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Title: A model for polymer membranes
Author: Broadbent, Richard
ISNI:       0000 0004 7232 9542
Awarding Body: Imperial College London
Current Institution: Imperial College London
Date of Award: 2015
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Separation processes are widely used throughout the chemical and pharmaceutical industries. Polymer membranes have the potential to significantly improve both energy usage and the costs of separation processes by reducing reliance on fractional distillation. For this to occur methods to control the porosity of the polymer membranes must be identified. The P84 molecule is a relatively complex co-polymer with numerous strongly interacting rigid groups, with a persistence length of over 1.1 nm, and the region in which filtration pores form in the membrane is typically 50–80nm thick, whilst the pores of interest within the membrane are typically less than 0.5 nm in size. P84 membranes are used commercially to separate molecules from organic solvents, in a process called organic solvent nanofiltration. Recent experiments with membranes produced from the P84 polyimide molecule found that altering the solvent used in the initial stage of manufacture radically altered the size of the sub-nanometre pores in the filtration region of the membrane. This effect was not expected, and could not be explained by the available models for polymer membrane formation. I present here a model as well as key results developed during my investigation of the formation of P84 polymer membranes. The model uses a mixture of fully atomistic molecular dynamics simulations of a single P84 molecule in solvent and coarse grained Monte Carlo simulations containing hundreds of complete polymer molecules. It demonstrates that the experimentally observed changes in pore sizes in P84 membranes can be explained by the differing interaction energies between the solvents and the polymers. I further present a new method for coarse graining aromatic polymers in molecular dynamics simulations which has been shown to permit the time step to be increased from 1 fs to 5 fs whilst maintaining all-atom accuracy.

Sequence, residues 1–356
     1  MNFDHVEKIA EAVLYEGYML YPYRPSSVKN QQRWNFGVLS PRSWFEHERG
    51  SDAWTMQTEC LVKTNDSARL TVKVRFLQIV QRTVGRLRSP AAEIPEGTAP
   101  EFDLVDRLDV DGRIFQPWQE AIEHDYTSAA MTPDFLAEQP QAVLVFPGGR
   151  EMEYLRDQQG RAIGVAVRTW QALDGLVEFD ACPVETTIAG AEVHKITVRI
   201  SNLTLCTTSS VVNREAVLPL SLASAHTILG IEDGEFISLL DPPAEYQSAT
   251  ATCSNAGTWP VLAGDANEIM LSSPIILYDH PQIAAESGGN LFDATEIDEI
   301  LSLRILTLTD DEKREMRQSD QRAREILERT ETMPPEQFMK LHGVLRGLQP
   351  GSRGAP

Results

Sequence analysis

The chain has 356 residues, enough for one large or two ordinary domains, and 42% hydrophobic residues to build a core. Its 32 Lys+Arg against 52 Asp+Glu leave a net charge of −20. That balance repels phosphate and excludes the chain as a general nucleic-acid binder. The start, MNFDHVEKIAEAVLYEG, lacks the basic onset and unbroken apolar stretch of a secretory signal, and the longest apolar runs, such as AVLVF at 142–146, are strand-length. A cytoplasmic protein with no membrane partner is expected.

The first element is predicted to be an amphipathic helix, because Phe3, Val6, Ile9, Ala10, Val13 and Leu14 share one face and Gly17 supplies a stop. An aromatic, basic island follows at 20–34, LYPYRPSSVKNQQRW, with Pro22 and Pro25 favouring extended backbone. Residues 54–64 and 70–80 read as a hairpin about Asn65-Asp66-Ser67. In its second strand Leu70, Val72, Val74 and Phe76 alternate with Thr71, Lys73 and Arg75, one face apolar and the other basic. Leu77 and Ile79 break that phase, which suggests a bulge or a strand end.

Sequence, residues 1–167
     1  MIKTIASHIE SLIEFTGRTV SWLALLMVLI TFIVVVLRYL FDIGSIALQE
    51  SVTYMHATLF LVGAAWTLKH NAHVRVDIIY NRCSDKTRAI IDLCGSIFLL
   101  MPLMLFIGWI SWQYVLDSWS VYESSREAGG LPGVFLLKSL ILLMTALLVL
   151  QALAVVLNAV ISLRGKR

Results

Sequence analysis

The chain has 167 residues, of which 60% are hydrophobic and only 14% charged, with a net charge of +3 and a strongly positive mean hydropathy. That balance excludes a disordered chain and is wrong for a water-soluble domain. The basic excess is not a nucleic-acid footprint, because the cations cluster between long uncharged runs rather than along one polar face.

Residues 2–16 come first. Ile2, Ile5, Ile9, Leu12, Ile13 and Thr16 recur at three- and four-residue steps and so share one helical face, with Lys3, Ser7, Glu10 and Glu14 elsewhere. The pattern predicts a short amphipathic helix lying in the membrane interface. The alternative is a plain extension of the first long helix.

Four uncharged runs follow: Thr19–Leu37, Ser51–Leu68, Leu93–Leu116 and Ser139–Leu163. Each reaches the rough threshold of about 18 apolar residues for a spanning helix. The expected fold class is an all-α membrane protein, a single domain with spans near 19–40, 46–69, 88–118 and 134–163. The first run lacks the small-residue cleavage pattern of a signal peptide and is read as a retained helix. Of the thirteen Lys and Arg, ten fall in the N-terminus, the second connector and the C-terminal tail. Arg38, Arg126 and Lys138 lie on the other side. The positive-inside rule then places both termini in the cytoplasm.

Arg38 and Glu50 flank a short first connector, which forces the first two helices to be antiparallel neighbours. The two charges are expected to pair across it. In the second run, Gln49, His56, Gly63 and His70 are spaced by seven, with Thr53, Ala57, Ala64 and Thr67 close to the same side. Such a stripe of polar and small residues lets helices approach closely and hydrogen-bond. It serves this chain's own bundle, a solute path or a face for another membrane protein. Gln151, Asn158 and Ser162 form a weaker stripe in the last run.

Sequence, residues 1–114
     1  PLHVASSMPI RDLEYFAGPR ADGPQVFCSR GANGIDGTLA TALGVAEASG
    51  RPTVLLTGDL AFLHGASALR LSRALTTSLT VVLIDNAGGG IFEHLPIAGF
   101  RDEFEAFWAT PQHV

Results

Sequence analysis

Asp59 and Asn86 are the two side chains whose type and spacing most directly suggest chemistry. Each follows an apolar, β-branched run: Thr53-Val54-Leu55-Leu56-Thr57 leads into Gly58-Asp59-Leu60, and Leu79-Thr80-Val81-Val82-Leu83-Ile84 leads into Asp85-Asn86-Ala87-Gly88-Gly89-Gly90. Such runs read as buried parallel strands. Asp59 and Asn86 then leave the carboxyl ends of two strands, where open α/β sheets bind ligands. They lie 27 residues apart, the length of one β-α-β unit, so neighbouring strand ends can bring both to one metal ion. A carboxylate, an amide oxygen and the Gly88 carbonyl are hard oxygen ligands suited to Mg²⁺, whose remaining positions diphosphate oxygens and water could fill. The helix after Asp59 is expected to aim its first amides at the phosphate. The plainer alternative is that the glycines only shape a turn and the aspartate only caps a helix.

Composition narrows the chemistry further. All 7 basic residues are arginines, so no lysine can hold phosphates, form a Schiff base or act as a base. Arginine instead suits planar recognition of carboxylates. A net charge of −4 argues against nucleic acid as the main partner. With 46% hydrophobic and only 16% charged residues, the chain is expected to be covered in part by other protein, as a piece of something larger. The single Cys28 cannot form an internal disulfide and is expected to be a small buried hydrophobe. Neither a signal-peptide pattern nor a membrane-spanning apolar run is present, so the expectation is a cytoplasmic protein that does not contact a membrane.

Supervisor: Sutton, Adrian P. ; Mostofi, Arash A. ; Livingston, Andrew G. ; Spencer, James S. Sponsor: Engineering and Physical Sciences Research Council ; King Abdullah University of Science and Technology
Qualification Name: Thesis (Ph.D.) Qualification Level: Doctoral